What therefore, either during or outside of a coronavirus pandemic, about those of us who are the parents/guardians, whose studies are actually the jobs and income sources (via scholarships etc.) for a family, who are charged with securing the household for young(er) people inside who are looking to us daily for safety and reassurance and routine? 

Read Part Two for my reflections on looking after wellbeing as a student-parent during lockdown.

For more information Student Space is here to make it easier for you to find the support you need during the coronavirus pandemic.

Find out more on how to look after your mental health during the outbreak here

Hi, I’m Heather. I’m currently a PhD student at Northumbria University, bringing to my studies 20 years of experience in academia (as a student, researcher, and tutor, in the UK and abroad). I chose to focus my work on ‘Student Mental Health’ after having lost my brother to suicide, endured my own difficulties whilst a student, and seen the struggles of others within the academic community. I believe hearing and listening to student voices and lived experiences is key to developing approaches to, help for and improvement of student mental health and wellbeing today.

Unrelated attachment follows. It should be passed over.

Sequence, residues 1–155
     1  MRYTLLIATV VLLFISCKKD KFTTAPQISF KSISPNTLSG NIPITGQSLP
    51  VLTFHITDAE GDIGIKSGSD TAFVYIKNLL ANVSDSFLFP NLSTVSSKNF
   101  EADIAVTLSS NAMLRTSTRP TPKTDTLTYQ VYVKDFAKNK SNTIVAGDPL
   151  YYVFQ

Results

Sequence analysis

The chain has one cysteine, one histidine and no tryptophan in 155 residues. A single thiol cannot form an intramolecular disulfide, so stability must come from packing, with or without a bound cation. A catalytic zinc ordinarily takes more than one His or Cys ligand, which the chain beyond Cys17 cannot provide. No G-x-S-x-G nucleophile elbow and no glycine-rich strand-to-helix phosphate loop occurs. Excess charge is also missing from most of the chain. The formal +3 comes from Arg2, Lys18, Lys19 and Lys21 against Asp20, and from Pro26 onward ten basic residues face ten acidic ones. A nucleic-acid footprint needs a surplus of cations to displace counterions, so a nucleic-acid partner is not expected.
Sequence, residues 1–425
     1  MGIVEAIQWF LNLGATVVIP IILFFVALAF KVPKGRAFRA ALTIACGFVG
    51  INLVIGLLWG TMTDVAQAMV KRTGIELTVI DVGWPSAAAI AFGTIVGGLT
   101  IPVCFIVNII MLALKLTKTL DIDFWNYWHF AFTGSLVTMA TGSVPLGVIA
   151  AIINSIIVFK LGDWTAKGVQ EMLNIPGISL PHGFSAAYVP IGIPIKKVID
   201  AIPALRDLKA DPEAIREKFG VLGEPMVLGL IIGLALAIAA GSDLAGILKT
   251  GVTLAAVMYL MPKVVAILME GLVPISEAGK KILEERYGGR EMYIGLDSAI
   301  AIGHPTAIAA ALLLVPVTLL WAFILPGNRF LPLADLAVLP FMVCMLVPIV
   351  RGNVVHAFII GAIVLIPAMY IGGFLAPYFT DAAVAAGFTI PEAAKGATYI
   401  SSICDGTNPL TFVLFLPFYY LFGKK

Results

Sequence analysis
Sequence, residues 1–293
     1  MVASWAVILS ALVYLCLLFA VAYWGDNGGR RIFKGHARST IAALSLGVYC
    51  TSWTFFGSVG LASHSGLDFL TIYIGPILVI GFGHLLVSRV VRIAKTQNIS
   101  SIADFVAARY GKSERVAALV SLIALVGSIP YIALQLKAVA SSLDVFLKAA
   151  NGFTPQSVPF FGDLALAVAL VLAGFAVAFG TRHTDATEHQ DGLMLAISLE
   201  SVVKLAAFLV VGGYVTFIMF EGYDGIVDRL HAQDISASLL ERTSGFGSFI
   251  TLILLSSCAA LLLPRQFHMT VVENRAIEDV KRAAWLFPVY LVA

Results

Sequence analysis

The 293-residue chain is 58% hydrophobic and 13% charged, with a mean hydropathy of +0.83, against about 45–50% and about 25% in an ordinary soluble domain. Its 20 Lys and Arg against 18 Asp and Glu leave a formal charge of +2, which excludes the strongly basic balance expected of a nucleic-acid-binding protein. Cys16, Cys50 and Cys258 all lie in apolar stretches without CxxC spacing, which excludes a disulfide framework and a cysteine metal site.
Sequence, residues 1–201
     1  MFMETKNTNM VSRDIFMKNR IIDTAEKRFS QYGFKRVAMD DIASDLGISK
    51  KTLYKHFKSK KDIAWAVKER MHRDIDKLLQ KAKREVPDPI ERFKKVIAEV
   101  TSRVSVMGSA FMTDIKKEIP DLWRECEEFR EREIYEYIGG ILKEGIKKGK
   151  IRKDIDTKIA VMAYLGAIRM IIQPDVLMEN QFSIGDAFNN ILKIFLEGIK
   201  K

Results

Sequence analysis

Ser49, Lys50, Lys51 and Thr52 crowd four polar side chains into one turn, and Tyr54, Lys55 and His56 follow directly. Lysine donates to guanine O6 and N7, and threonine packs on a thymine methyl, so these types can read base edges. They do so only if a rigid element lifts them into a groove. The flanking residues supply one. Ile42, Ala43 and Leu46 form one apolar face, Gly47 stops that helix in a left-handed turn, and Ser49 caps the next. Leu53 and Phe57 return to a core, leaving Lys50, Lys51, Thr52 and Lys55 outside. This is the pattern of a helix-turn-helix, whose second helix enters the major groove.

3 comments:

  1. This COVID-19 has changed the way of learning especially now where everybody is appreciating e-learning platforms.

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  2. Be truthful with your employer, your coworkers and yourself about what you can realistically achieve. Keep in contact in case anything changes, and also so you have other adults to talk to; some of your coworkers probably have their own tips and tricks to share about parenting in a COVID-19 world. Keeping connected with the workplace is especially important as companies make the move back to the office, with many wanting to know if their workers are ready.

    Read more: https://www.randstad.com.au/career-advice/working-from-home/parenting-and-working-during-covid-19-revisited/

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  3. While everyone’s going to be pushing the limits here and there, setting boundaries and rules will help maintain a semblance of structure to get through each day. This could be anything from establishing which parts of the house are for working or relaxing, or coming up with signals so kids can understand what’s going on, like signs on the door or notes to pass in case of a work call. If these things have gone out the window since the lockdown began, it might be time to sit down and rework them. Read:https://www.randstad.com.au/career-advice/working-from-home/parenting-and-working-during-covid-19-revisited/

    ReplyDelete